This procedure uses a high-energy laser to carefully vaporize extra prostate tissue. It is less invasive than traditional methods of prostate surgery with less blood loss.
This surgery is used to treat an enlarged prostate gland (benign prostatic hyperplasia).
Tell a health care provider about any:
- Allergies you have.
- Medicines you are taking, including vitamins, herbs, eye drops, creams, and over-the-counter medicines.
- Problems you or family members have had with anesthetic medicines.
- Blood disorders you have.
- Surgeries you have had.
- Medical conditions you have.
- Allergic reaction to medicines.
- Damage to other structures or organs.
- Blood in the urine (hematuria).
- Painful urination.
- Urinary tract infection.
- Erectile dysfunction (rare).
- Dry ejaculation.
- Scar tissue in the urinary passage.
- Follow instructions from your health care provider about eating or drinking restrictions.
- Ask your health care provider about:
- Changing or stopping your regular medicines. This is especially important if you are taking diabetes medicines or blood thinners.
- Taking medicines such as aspirin and ibuprofen. These medicines can thin your blood. Do not give these medicines before the procedure unless directed by your health care provider.
- You may be prescribed antibiotic medicine. If so, take your antibiotic as told by your health care provider. Do not stop taking the antibiotic even if you start to feel better.
- Plan to have someone take you home after the procedure. If you will be going home right after the procedure, plan to have someone with you for 24 hours.
What Happens During The Procedure?
- You will be given one or more of the following:
- A medicine to help you relax (sedative).
- A medicine to make you fall asleep (general anesthetic).
- A medicine that is injected into your spine to numb the area below and slightly above the injection site (spinal anesthetic).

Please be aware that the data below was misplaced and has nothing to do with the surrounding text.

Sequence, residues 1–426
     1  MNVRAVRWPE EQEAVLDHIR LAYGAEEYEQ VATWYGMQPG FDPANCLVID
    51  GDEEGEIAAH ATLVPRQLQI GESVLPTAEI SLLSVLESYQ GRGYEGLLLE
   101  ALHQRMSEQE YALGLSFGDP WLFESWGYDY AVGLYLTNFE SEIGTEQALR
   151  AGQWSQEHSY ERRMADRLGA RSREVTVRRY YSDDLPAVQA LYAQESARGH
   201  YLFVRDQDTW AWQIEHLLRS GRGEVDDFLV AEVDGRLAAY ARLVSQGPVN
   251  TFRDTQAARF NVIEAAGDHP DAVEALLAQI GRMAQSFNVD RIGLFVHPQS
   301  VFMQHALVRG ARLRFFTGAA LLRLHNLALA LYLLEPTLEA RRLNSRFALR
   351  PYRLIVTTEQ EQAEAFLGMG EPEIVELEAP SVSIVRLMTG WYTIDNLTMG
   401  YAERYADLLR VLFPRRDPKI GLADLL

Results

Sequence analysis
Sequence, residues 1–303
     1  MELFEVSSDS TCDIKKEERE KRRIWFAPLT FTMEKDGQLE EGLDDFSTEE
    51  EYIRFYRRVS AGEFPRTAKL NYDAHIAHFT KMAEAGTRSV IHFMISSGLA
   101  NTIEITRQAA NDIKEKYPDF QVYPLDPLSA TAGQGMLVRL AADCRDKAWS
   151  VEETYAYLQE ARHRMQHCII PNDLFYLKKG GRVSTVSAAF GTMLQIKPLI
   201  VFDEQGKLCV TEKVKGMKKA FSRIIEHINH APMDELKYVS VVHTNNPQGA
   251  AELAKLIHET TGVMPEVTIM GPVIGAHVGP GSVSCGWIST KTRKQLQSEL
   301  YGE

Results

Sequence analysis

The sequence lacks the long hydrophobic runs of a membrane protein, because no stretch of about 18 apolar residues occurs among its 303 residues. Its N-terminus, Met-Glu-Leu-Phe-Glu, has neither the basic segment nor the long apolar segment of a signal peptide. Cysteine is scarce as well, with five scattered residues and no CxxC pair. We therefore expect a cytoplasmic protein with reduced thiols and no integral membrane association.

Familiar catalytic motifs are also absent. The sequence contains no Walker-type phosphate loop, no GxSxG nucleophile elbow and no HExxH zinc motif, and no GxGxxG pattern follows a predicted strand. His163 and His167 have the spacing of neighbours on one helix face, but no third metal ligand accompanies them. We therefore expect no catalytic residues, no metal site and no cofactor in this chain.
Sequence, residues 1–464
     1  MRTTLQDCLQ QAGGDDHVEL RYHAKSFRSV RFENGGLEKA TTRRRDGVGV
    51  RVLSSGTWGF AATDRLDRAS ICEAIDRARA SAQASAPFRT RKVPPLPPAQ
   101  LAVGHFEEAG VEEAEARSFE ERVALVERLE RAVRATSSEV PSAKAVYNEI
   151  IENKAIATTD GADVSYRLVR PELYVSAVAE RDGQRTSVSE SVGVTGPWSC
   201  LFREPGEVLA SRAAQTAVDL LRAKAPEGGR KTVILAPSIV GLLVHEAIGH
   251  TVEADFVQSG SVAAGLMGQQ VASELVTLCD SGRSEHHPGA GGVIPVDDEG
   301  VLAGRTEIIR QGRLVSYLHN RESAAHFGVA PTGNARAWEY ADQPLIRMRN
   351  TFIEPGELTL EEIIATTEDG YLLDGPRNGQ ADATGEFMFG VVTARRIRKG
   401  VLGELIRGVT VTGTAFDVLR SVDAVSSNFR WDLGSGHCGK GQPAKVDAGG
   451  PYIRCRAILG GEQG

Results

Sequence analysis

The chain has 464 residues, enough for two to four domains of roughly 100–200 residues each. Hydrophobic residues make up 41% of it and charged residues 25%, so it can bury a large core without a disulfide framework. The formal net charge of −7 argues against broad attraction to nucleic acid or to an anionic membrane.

- A tube containing viewing scopes and instruments (fiber-optic scope) will be inserted through your penis.
- A thin fiber will be put through the tube and positioned next to the extra prostate tissue.
- Pulses of laser light will come from the end of the fiber and be projected onto the extra tissue. Your blood will absorb the light, become hot, and vaporize the extra prostate tissue.
- The heat from the laser beam will seal off the blood vessels, which will lessen bleeding.
- The fiber-optic scope will be removed and replaced with a temporary tube (catheter) that is used to help urine flow.
Post Procedure Care
- Your blood pressure, heart rate, breathing rate, and blood oxygen level will be monitored until the medicines you were given have worn off.
- Depending on factors such as the amount of prostate tissue that was vaporized, the strength of your bladder, and the amount of bleeding expected, your catheter may be removed.
- You may be given elastic support stockings to wear to help prevent blood clots in your legs.
- Do not drive for 24 hours if you were given a sedative, or for as long as directed by your health care provider.
This information is not intended to replace advice given to you by your health care provider.